I am clipping line segment endpoints that are behind the near plane to the near plane. This causes the division by z to cancel out with the distance term since the projection plane is at z=-distance. Thus, the projection becomes an orthographic projection in effect. I'm clipping to the window using standard SH clipping. – z8000 Jan 9 '12 at 19:08
  • This answer is very generic and doesn't address the question, (as far as I can see) the link to wikipedia also doesn't really give any insights into line clipping in a 3D context. – ideasman42 Dec 28 '16 at 4:37
  • @z8000, re: "Thus, the projection becomes an orthographic projection in effect." - not sure what you mean, but it doesn't sound right. A perspective projection doesn't become orthographic simply because its behind the view. – ideasman42 Dec 28 '16 at 4:43
0

Having just looked into this very same topic, I found there wasn't anything very clever needed to perform this operation.

First of all, its possible define a near and far plane, then clip the segment by those planes (see example).

While this works fine, I wanted to avoid extra calculations on top of the projection. This maybe obvious to anyone familiar with projection matrices, I had to double check to confirm this would work properly.

As it turns out you can perform near/far line clipping with simple logic.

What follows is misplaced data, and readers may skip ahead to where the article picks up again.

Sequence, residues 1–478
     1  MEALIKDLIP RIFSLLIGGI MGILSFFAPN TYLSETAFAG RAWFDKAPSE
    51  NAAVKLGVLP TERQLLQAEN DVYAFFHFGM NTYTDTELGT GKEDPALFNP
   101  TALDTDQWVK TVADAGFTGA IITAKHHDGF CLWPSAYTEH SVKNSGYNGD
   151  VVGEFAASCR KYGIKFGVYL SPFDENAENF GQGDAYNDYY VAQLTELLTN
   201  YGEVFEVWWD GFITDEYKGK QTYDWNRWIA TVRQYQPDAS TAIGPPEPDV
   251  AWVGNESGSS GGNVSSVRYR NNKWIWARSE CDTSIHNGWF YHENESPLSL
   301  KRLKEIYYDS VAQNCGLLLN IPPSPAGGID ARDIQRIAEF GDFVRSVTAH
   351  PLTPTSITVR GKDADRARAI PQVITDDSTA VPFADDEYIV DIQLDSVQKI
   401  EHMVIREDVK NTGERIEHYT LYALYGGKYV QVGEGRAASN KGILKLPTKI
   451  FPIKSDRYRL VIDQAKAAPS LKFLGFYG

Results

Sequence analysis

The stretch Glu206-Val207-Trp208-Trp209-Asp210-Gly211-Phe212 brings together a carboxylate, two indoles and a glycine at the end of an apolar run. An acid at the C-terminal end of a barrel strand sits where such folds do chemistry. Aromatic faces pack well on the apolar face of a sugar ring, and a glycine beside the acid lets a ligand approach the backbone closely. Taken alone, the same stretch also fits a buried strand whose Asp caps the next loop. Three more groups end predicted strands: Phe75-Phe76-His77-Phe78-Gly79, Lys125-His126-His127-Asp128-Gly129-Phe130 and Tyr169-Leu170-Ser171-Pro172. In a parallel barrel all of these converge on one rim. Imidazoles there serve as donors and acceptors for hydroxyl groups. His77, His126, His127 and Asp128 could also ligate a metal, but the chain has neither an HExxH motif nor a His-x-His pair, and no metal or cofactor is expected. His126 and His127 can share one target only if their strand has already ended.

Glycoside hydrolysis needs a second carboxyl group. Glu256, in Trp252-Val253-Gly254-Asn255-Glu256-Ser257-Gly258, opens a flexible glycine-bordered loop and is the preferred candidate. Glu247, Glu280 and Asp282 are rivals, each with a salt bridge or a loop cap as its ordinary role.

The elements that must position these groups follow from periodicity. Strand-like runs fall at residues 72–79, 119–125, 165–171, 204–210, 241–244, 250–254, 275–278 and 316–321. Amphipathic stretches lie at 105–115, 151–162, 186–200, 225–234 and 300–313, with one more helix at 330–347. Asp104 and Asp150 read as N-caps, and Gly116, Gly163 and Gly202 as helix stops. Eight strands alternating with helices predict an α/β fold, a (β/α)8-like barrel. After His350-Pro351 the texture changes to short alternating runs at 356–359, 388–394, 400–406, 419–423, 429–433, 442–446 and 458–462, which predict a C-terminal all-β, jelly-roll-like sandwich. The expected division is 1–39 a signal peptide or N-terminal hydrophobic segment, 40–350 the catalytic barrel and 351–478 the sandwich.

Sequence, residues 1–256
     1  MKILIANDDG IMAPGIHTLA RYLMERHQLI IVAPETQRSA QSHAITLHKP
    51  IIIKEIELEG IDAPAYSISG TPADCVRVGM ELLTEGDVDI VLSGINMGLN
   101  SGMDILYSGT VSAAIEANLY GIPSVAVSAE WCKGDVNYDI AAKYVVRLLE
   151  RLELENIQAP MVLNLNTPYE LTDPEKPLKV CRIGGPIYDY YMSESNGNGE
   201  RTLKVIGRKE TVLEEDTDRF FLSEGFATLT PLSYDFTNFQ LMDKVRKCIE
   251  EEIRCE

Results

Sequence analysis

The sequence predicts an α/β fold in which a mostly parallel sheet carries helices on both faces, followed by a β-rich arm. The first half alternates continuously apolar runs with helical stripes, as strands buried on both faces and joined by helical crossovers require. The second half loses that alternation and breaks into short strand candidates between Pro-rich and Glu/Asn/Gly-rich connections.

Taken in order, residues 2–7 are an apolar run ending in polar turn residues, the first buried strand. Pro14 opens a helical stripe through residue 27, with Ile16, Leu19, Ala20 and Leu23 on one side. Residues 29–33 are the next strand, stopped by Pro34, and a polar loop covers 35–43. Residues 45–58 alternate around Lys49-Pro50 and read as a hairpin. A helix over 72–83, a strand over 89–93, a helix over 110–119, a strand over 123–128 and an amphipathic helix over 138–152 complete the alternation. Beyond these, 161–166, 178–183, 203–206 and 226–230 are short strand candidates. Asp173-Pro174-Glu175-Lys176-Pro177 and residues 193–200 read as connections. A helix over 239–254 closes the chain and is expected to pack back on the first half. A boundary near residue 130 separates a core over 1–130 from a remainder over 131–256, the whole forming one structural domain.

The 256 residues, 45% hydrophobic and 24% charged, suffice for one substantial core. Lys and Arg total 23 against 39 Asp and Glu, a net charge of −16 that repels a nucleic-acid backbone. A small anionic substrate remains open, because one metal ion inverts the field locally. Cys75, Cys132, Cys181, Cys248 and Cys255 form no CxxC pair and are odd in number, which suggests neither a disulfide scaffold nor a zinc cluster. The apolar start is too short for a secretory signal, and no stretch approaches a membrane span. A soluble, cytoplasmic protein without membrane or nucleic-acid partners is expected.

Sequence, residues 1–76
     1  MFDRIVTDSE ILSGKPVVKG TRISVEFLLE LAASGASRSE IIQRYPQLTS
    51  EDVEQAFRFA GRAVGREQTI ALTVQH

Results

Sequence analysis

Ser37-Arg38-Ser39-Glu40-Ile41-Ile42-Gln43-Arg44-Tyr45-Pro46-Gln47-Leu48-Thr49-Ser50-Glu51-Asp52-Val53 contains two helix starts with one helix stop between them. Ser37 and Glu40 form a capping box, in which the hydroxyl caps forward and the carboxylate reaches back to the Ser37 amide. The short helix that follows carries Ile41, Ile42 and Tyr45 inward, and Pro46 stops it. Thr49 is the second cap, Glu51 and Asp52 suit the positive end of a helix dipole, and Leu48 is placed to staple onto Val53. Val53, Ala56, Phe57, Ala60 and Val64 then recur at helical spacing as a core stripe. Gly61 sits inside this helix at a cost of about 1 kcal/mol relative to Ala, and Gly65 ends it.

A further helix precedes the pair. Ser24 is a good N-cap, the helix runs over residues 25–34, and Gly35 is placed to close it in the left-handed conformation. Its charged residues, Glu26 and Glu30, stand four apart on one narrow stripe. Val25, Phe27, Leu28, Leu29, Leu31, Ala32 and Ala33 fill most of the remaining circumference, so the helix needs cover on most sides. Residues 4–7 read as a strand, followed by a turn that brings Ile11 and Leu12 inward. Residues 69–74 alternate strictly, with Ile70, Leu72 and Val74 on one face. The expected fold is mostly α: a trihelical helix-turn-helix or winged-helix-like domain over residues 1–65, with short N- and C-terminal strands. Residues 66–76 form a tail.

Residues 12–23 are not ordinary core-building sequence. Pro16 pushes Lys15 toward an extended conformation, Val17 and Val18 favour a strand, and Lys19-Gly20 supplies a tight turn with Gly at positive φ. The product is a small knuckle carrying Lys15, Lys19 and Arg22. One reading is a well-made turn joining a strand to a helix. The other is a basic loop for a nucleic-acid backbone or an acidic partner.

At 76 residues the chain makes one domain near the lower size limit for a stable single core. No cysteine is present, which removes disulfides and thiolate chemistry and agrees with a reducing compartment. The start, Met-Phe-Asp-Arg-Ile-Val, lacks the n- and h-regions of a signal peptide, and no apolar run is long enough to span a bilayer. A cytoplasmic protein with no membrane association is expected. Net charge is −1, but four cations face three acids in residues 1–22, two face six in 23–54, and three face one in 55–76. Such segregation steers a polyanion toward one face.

1. Multiply the position with a perspective matrix, to get a 4D vector.
  2. Compare the 4th component with the near/far clip distances.
  3. Clip the segment if its needed.

This can be optimized by calculating the 4th component of the vector before calculating the full projection.

It also means you don't need to re-calculated the XYZ components again after clipping.

For example: this multiplies a 4D vector with a 4x4 matrix.

pub fn mul_m4v4(m: &[[f64; 4]; 4], v: &[f64; 4]) -> [f64; 4] {
    [
        v[0] * m[0][0] + v[1] * m[1][0] + v[2] * m[2][0] + m[3][0] * v[3],
        v[0] * m[0][1] + v[1] * m[1][1] + v[2] * m[2][1] + m[3][1] * v[3],
        v[0] * m[0][2] + v[1] * m[1][2] + v[2] * m[2][2] + m[3][2] * v[3],
        v[0] * m[0][3] + v[1] * m[1][3] + v[2] * m[2][3] + m[3][3] * v[3],
    ]
}

Since this is a 3D position, we can assume the 4th component is 1.0.

pub fn mul_m4v3_as_v4(m: &[[f64; 4]; 4], v: &[f64; 3]) -> [f64; 4] {
    [
        v[0] * m[0][0] + v[1] * m[1][0] + v[2] * m[2][0] + m[3][0],
        v[0] * m[0][1] + v[1] * m[1][1] + v[2] * m[2][1] + m[3][1],
        v[0] * m[0][2] + v[1] * m[1][2] + v[2] * m[2][2] + m[3][2],
        v[0] * m[0][3] + v[1] * m[1][3] + v[2] * m[2][3] + m[3][3],
    ]
}

To avoid the full calculation, split out a separate function to get the 4th component.

pub fn mul_project_m4_v3_zfac(m: &[[f64; 4]; 4], v: &[f64; 3]) -> [f64; 4] {
    v[0] * m[0][3] + v[1] * m[1][3] + v[2] * m[2][3] + m[3][3]
}

Here is a commit that implements clipping as described above.

Note: matrices are column major (like OpenGL).

Your Answer

By clicking “Post Your Answer”, you agree to our terms of service, privacy policy and cookie policy

Not the answer you're looking for? Browse other questions tagged or ask your own question.